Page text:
"The most important factors are the size and type of load," Brown adds. "You should also know the voltage; the amps; whether the load is single phase or three phase; if the load is purely resistive; the duty cycle of the load; and the operating environment. Altitude and ambient temperature are also important."
Once these factors are known, you can find a variety of sizing tables, charts, graphs and software to assist in determining the correct size of generator for the job.
You can also get help from generator dealers and rental centers. "Most manufacturers work with dealers who have been trained by the company, so they can educate contractors on the proper use, sizing and application of generators on the job," Howe says. "The 'big box' stores and online shopping don't offer that. Dealers are consultants who can guide you to what's best suited for the application and optimize your investment."
One other important consideration is startup draw or surge rating (standby rating on towables). Tools with motors draw higher amps at first, and this is the hardest load placed on a generator.
"Starting wattage isn't typically listed on power tool data plates, but can be calculated or estimated from a table," notes Howe. "Compare starting wattage needs with the generator's surge rating, and running wattage with the continuous rating. Ensure both values fall within the generator's ratings."
The other manufacturers mention that their generators have suitable surge ratings built in. "The amount of surge rating depends on the power of the alternator and design," Pepper explains.
This leads to additional considerations, such as fuel tank size so you don't have to refuel too often.
Brown points out, "When purchasing a generator, contractors should pay attention to life-cycle costing. The more sophisticated buyers are evaluating initial cost, operating and maintenance costs, resale or salvage value, the amount of time they plan to operate the equipment and financing costs."
He adds, "Understand that in generators you get what you pay for, so compare alternator and engine specs, the controls and the sound levels of the generators you are considering to be sure you are buying quality." Also bear in mind the newest models now offer significant noise reductions.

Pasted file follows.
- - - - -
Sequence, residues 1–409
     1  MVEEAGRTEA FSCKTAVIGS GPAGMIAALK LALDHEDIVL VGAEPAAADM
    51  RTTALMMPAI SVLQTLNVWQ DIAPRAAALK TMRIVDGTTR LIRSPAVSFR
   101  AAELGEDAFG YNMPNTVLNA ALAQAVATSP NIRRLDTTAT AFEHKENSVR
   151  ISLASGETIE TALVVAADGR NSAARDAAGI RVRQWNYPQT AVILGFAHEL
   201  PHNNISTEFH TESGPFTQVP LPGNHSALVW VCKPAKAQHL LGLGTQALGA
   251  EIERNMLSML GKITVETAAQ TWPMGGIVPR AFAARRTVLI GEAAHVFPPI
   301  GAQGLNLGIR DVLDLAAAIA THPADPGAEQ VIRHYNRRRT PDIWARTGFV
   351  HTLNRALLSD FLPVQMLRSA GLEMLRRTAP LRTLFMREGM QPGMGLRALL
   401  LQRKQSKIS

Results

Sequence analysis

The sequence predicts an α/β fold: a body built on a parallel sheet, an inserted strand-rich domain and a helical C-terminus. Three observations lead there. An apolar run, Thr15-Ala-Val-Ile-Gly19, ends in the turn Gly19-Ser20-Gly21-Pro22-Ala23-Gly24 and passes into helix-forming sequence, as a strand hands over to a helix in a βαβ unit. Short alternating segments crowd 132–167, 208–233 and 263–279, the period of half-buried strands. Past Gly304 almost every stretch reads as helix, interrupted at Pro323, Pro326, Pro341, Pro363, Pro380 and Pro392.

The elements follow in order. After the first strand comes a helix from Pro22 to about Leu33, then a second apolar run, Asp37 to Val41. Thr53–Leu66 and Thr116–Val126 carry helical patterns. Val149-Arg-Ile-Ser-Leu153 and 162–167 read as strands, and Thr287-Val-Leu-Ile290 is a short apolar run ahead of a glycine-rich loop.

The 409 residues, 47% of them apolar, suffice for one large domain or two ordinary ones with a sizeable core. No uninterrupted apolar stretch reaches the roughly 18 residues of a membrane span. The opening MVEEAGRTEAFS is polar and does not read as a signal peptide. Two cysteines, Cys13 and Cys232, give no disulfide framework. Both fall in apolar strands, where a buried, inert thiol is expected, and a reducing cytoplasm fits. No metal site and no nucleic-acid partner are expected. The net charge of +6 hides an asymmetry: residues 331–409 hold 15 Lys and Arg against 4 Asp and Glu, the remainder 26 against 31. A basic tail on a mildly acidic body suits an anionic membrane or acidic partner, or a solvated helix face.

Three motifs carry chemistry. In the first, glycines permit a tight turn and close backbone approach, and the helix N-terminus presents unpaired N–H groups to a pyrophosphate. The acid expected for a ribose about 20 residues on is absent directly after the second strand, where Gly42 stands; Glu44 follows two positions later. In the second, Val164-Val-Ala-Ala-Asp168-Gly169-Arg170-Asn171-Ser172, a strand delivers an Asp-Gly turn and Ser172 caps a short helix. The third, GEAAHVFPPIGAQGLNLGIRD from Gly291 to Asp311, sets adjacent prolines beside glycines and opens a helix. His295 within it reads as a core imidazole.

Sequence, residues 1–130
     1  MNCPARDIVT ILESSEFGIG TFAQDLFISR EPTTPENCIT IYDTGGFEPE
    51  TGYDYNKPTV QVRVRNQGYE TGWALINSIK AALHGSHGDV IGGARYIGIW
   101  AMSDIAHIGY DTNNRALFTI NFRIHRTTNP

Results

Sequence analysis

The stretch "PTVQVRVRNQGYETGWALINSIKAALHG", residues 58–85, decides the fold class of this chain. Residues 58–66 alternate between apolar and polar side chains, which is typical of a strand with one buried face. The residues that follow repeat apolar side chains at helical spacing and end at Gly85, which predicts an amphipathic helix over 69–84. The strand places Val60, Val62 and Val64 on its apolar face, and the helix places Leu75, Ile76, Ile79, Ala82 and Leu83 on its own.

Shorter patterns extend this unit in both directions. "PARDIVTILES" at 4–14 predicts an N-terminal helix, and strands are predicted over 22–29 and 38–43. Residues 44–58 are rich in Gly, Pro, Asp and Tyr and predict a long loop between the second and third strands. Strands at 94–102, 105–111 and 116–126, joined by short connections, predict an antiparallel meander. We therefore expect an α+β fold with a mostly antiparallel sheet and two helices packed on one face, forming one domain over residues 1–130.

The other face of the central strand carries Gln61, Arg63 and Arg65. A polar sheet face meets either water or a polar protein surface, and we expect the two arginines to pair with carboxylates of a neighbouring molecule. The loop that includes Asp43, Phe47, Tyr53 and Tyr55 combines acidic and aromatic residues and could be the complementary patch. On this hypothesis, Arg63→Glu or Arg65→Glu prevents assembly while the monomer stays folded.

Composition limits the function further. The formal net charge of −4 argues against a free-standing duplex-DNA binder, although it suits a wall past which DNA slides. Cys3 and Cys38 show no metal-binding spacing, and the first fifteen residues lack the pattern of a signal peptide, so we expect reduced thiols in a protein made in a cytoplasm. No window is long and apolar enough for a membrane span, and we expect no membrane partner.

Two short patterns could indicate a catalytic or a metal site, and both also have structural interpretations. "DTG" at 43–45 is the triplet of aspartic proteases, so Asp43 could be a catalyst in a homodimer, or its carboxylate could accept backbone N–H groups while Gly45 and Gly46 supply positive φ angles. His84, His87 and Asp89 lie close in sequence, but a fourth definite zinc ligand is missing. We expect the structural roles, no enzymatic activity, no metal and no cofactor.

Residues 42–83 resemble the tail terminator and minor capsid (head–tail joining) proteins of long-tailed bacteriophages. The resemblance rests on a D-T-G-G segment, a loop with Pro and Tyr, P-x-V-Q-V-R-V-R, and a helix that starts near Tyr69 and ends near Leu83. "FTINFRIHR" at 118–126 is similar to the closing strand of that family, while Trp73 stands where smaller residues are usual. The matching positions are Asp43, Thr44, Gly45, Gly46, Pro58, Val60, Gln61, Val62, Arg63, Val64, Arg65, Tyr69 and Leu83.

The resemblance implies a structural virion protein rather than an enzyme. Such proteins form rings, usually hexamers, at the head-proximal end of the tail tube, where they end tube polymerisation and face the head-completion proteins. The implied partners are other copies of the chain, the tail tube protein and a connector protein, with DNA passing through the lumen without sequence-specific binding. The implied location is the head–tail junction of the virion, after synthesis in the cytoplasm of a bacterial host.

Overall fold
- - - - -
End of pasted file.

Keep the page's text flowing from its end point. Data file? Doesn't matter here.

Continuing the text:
Extension cords affect performance
A proper extension cord must always be used. However, use the shortest one possible for your application.
"The reason is voltage drop," says Brown. "Voltage drop describes the inherent reduction in available voltage associated with the resistance in the extension cord. This effect is directly proportional to the distance from the generator."
"The basic rule is the longer the cord you use, the thicker the wiring (gauge) needs to be," Pepper says. "If the gauge isn't high enough, the wiring will heat up, as well as the tool's motor. Both are potential safety problems, and shorten equipment life."
According to Brown, "If a cord is not heavy enough for the load it must carry, it could burn or there could be a severe reduction in power available at the end of the cord."
The Extension Cord Gauge chart shows the minimum extension cord wire size for the amount of the expected load. Note that the wire size increases with the length of the cord as the anticipated load increases.
Often, construction sites have a system of cables, cords, distribution panels and distribution "spider" boxes to get the power to where it is needed. "Each of these components can have an impact on the performance of the equipment being powered," Brown says. "Extension cords from the spider box to the equipment being powered must meet the requirements of the load. These extension cords, too, should be rated for the voltage and amount of current that is being carried to the equipment. Consider the length of the extension cord, as well as the distance of the distribution box from the generator."
Avoid using a longer cord than you need, as well. "Coiling a 100-ft. cord next to the generator also causes lower voltage at the tool, even if you're using just 10 ft. of it," Howe notes. "While portable units usually don't, towable generators often have a voltage output adjustment. If you measure the voltage at the end of the cord and it's insufficient, you can adjust the generator to provide optimum voltage to the tool."